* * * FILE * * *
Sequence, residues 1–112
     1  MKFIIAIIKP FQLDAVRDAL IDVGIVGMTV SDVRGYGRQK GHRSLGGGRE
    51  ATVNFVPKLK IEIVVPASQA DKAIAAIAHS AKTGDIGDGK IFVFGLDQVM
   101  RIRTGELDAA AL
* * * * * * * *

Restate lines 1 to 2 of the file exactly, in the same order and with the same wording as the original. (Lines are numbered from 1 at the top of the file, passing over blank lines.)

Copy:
Sequence, residues 1–112
     1  MKFIIAIIKP FQLDAVRDAL IDVGIVGMTV SDVRGYGRQK GHRSLGGGRE